“It is sad to see how people are renovating and improving shops and malls for the 2014 World Design Capital, but what are we doing to improve the visuals and quality on the streets in terms of food and beverage?” he asks.
“My idea of street food is to have good quality food on the street everyday.”
Venter isn’t alone in his concerns.
“I would like to see the city of Cape Town supporting the food truck movement by providing trading space in accessible and unique locations considered “no-trade zones”,” says Jessica Bonin of Lady Bonin’s tea parlour, a quirky mobile tea caravan.
“It is a wonderful opportunity for entrepreneurs with limited capital to enter the food market,” she adds.
And this would correlate with what Williamson and his team envisage for the growth of the informal trade sector.
The Offering – Food Trucks
Cape Town’s more popular city street food such as filled vetkoek, boerewors rolls are a far cry from street food available in open trade countries and even those with strict regulations in place such as Turkey and Singapore. In Istanbul traders offer everything from fresh bread and full breakfasts, tea and coffee, grilled corn and mackerel sandwiches.
In direct response to the global trend and the consumer’s desire to buy good food cheaply and quickly, the informal Cape Town Food Truck Association, chaired by former Limoncello restaurant owner Luca Castiglione has become an agency for anyone needing food truck know-how. The Limoncello truck is sought after in the city and at events and offers eaters options such as calzone, mussels, risotto and tuna steak burgers at affordable prices.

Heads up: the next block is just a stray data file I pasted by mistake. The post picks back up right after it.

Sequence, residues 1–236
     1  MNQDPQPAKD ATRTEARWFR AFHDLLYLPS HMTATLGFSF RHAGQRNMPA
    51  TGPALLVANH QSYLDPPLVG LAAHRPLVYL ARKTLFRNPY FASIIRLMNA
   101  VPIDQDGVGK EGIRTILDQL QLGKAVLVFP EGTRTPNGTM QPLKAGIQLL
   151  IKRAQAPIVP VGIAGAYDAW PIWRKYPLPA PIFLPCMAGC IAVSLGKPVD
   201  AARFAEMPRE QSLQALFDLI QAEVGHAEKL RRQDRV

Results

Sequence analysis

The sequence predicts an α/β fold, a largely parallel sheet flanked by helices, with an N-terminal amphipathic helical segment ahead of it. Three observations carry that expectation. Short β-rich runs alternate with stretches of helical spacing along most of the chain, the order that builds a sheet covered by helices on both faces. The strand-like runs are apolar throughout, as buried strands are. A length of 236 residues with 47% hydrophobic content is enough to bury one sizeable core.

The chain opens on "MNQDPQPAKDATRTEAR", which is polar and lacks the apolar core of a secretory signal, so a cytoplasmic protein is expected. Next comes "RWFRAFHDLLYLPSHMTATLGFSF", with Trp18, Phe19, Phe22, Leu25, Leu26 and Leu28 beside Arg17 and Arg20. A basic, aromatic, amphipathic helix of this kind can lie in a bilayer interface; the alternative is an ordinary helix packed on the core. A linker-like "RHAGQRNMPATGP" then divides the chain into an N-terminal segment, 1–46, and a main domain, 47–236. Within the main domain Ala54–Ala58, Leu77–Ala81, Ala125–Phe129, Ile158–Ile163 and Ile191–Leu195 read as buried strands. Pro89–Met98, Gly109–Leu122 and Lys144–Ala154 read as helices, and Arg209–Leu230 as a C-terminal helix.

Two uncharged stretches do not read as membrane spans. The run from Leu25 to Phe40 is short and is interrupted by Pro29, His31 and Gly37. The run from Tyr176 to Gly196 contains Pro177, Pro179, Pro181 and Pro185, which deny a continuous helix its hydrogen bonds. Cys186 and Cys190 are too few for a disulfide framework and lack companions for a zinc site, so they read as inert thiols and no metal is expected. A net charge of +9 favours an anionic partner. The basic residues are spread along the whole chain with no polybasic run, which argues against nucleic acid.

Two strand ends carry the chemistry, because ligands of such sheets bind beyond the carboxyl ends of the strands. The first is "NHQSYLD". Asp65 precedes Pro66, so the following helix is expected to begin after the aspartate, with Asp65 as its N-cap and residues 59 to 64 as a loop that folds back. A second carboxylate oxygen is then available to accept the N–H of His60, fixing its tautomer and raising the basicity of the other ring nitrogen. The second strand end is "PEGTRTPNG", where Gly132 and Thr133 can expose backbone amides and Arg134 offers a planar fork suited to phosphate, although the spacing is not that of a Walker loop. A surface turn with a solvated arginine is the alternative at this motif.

Word of mouth and social media have helped gather the Limoncello truck a large following. Known for his Naples style of cuisine, Castiglione maintains, “The best advertisement for our food truck is the food we serve.”
Food trucks are generally self-driven with fully or partially fitted kitchens and these costly components may put hawkers who also require a license under the informal trading laws, at an additional disadvantage.
Consumer demand has fueled the Cape Town food truck trend, evident in Mexican restaurant el Burro’s taco truck, Martin Senekal’s Cafeteria Mobile and the Grubbery joining Limoncello, Die Wors Rol and Lady Bonin’s Tea Parlour in the pavement stakes.
Loxion Street Food
Outside the townships or the odd shop like Woza Food at Golden Acre shopping centre, there are few opportunities to enjoy the popularly termed ‘loxion’ cuisine. Popular foods include intloko yegusha (smiley or sheep head), amanqina enkukhu (walkie talkies or chicken feet), ulusu (tripe), tshisa nyama (meat on the grill), and the local brew umqombothi.